I think the main issue with spikes is just the variety of terrain a trail shoe can (or is designed to) cover. In the north east where I lived…or even Texas this year…snow and ice, mud, loose sand, tree roots, boulder fields, ankle breakers, tree roots, and pavement were all available on nearby trails. A rubber knobby tread is a compromise on all of those, but also capable of handling it all. Metal spikes would fail miserably on pavement (even just road crossings), boulders, and likely mud/ loose sand. This is where the soloman/inov8/any other fell running style shoes shine and most trail shoes outperform roads. There are also a few options that DO have metal spikes built in for “off trail” such as the oroc from inov8 or spirit from icebug.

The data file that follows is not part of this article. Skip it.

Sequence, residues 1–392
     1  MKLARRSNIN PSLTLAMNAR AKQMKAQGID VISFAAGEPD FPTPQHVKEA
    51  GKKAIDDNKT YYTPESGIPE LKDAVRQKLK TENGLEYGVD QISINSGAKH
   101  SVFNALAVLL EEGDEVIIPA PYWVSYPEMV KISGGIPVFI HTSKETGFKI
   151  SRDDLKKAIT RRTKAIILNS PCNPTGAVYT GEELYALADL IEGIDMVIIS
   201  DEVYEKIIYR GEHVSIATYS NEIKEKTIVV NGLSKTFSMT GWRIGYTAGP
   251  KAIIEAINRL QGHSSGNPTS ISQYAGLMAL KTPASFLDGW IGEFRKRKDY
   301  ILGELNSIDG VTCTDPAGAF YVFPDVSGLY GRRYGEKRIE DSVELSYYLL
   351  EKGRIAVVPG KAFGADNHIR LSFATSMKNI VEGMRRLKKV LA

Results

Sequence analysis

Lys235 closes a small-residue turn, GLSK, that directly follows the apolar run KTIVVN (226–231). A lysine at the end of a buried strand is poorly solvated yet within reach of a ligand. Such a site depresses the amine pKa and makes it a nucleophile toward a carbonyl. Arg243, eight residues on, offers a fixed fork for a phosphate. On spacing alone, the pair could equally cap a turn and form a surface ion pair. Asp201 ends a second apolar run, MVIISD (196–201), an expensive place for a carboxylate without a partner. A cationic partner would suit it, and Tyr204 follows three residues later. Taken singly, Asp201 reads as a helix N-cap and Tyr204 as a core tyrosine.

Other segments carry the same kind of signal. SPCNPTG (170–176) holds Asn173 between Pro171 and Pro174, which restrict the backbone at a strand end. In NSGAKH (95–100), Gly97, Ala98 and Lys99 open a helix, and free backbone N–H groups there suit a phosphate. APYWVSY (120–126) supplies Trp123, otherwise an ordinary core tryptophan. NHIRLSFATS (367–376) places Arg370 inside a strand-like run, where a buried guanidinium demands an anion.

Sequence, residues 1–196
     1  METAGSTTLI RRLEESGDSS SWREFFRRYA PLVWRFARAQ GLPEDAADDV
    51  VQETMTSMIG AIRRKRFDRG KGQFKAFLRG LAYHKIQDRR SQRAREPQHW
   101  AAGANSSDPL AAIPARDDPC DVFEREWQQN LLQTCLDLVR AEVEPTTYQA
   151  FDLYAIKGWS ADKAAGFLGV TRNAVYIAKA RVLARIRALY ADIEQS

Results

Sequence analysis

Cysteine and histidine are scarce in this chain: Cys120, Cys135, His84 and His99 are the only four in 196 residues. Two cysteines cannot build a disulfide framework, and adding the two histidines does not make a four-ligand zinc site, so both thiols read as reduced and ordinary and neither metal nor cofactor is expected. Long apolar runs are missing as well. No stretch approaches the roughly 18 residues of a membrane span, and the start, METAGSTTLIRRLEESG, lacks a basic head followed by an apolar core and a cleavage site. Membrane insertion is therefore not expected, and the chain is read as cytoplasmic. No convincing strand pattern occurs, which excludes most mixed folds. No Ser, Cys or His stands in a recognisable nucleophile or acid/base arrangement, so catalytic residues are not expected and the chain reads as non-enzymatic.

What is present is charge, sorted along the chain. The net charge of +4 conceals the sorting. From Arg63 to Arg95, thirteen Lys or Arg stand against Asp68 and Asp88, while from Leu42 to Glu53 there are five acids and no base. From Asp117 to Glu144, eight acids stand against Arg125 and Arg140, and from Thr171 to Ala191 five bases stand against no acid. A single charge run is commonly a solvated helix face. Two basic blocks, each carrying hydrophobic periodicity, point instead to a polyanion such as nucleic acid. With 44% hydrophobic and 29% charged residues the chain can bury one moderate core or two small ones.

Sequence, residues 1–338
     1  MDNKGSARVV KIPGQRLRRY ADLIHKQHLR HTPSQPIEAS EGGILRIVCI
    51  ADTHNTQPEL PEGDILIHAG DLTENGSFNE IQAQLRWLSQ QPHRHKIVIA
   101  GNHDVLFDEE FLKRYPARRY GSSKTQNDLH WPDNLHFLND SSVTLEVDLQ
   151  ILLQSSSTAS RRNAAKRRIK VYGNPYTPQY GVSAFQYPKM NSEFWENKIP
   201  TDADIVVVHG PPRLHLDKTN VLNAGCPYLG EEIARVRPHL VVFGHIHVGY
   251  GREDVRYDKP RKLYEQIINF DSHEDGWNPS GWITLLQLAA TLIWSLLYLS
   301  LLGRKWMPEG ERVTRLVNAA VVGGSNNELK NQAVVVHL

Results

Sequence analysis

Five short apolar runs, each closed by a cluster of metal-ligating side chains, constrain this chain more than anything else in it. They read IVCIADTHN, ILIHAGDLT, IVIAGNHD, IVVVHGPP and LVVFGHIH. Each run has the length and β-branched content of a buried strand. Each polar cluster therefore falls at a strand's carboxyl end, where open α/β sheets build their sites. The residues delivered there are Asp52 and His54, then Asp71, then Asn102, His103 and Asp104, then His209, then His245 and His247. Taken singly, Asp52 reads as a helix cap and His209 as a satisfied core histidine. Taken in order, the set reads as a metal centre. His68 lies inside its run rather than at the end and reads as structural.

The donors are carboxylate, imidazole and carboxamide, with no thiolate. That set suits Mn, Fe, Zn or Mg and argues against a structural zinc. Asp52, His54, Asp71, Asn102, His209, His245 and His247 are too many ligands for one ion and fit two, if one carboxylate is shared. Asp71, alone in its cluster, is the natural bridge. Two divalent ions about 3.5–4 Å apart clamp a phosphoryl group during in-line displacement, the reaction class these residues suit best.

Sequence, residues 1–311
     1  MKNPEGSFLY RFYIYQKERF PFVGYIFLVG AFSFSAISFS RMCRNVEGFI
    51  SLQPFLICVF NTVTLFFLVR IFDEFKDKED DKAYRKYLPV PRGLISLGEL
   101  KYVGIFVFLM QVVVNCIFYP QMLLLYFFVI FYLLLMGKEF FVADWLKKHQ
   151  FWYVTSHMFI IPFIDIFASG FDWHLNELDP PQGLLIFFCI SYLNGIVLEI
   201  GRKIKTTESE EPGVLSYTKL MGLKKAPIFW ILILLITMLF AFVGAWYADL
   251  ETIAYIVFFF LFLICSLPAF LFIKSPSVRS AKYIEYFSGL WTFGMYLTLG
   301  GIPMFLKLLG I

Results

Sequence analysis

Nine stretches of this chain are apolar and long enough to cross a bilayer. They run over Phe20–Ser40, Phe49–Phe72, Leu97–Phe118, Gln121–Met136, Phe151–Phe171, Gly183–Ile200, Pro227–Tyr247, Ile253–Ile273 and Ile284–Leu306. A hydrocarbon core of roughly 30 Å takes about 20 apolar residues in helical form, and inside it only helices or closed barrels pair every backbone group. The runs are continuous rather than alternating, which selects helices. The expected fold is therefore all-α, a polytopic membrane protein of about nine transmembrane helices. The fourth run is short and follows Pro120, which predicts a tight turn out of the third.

I’d also be willing to say if you don’t feel the need for any additional traction over road running shoes, the conditions and trails you are running on are quite mild. I see a lot of people here in North Texas running on trails in road shoes, and would consider it myself if I didn’t have a closet full of trail shoes. Trails are typically closed when wet and conditions are just hard packed dirt with a little sand when dry and open. Road shoes with a little tread are plenty capable of handling that.
On the removable cleat part, this already sort of exists with yak traks, microspikes or screws in the winter, depending on how loosely you want to interpret it. I would not want a permanent solution for the weight concern or general reliability. There’s a very large difference between unclipping and walking a mtb up a technical hill and bombing a downhill while running. The last thing I want to worry about while bouncing through a boulder field is if my cleat will wiggle a bit causing me to slip or something worse.